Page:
## (Intercept) 2.5 0.2
## education -0.3 0.0
## genderFemale 0.0 0.1
##
## ------
## * For help interpreting the printed output see ?print.stanreg
## * For info on the priors used see ?prior_summary.stanreg
```

The median for the coefficients is very similar to the MLEs. We get a median absolute deviation that should approximate the parameters’ standard deviation.

One of the most important contents of the fit object are the posterior draws from the MCMC, which we can access directly:

```
draws <- as.matrix(my_bglm)
dim(draws)
```

`## [1] 4000 3`

`colnames(draws)`

`## [1] "(Intercept)" "education" "genderFemale"`

For each of the three parameters, the fit gives us 4000 draws from the posterior. From these draws, we can compute whatever summary statistic we like, for example:

The posterior mean for `education`

:

`mean(draws[,2])`

`## [1] -0.2717251`

The credible interval:

`quantile(draws[,2],probs = c(.025,.9725))`

```
## 2.5% 97.25%
## -0.3018313 -0.2425906
```

Or visualize the distribution:

```
data.frame(education_posterior = draws[,2]) %>%
ggplot(aes(x= education_posterior)) +
geom_histogram(bins=50)
```

For many of these computations, there are also a built-in functions. For example:

Visually comparing priors and posteriors:

`posterior_vs_prior(my_bglm)`

Parameter overview:

```
library(parameters)
parameters(my_bglm)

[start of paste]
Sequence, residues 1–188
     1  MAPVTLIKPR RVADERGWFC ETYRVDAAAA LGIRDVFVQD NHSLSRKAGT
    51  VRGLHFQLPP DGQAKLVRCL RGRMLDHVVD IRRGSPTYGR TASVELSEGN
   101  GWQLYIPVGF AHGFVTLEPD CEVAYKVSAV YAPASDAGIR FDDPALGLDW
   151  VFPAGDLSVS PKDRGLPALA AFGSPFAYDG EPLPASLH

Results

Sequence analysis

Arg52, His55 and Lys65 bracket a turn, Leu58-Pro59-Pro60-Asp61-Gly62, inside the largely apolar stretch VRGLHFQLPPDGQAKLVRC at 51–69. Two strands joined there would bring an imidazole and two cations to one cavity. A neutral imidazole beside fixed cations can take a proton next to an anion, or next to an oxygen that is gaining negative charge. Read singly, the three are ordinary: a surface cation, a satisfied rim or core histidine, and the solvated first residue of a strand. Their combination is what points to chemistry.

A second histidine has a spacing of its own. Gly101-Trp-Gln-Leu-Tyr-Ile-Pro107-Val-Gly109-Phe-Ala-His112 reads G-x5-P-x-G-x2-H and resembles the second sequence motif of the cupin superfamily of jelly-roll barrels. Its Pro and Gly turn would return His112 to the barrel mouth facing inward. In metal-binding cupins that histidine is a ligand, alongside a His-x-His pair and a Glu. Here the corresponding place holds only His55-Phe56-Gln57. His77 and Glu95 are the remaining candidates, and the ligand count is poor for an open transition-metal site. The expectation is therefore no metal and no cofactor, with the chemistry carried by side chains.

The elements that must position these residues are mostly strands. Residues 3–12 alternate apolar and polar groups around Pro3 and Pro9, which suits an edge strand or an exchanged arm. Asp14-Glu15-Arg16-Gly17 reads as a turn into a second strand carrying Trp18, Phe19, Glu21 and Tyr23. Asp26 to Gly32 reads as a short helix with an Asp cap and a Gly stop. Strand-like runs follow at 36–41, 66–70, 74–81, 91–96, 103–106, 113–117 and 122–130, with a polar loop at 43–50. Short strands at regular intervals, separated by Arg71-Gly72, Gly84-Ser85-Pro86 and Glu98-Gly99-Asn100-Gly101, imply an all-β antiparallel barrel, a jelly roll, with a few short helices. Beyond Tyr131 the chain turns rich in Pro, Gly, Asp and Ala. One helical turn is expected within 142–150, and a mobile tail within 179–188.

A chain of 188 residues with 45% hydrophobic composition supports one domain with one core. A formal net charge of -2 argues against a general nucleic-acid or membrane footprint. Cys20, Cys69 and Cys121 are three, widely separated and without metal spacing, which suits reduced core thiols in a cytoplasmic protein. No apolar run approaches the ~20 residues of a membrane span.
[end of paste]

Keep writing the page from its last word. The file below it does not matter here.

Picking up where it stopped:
```

```
## Parameter | Median | 95% CI | pd | Rhat | ESS | Prior
## --------------------------------------------------------------------------------------
## (Intercept) | 2.52 | [ 2.17, 2.89] | 100% | 1.000 | 2759.00 | Student_t (0 +- 5)
## education | -0.27 | [-0.30, -0.24] | 100% | 1.000 | 3103.00 | Student_t (0 +- 5)
## genderFemale | -0.01 | [-0.17, 0.15] | 55.97% | 1.000 | 2708.00 | Student_t (0 +- 5)
```

Credible interval:

`posterior_interval(my_bglm, prob = 0.95, pars = "education")`

```
## 2.5% 97.5%
## education -0.3018313 -0.2420623
```

Interpretation: There is a 95% probability that the coefficient is between -0.30 and -0.24.

`rstanarm`

comes with a shiny app that creates diagnostic
plots for the fit.

`launch_shinystan(my_bglm, ppd = FALSE)`

Here, the “Explore” section is helpful: It gives the Kernel density estimate of the posterior distribution, and the Markov Chain. The Markov chain should fluctuate around the estimate.

For the model predictions, we obtain draws from the posterior again:

```
prediction <- posterior_predict(my_bglm, newdata=womensrole)
dim(prediction)
```

`## [1] 4000 42`

`dim(womensrole)`

`## [1] 42 5`

There are 4000 posterior draws for each of the 42 combinations of predictor values that are present in the original data.

One way to visualize the prediction is take the mean for each combination and plot it in comparison to the data:

```
prediction_means <- rowMeans(t(prediction))
womensrole %>%
mutate(percent_agree = agree/total) %>%
mutate(pred = prediction_means/total) %>%
ggplot(aes(x=education, y=percent_agree, color=gender)) +
geom_point()+
geom_line(aes(y=pred))
```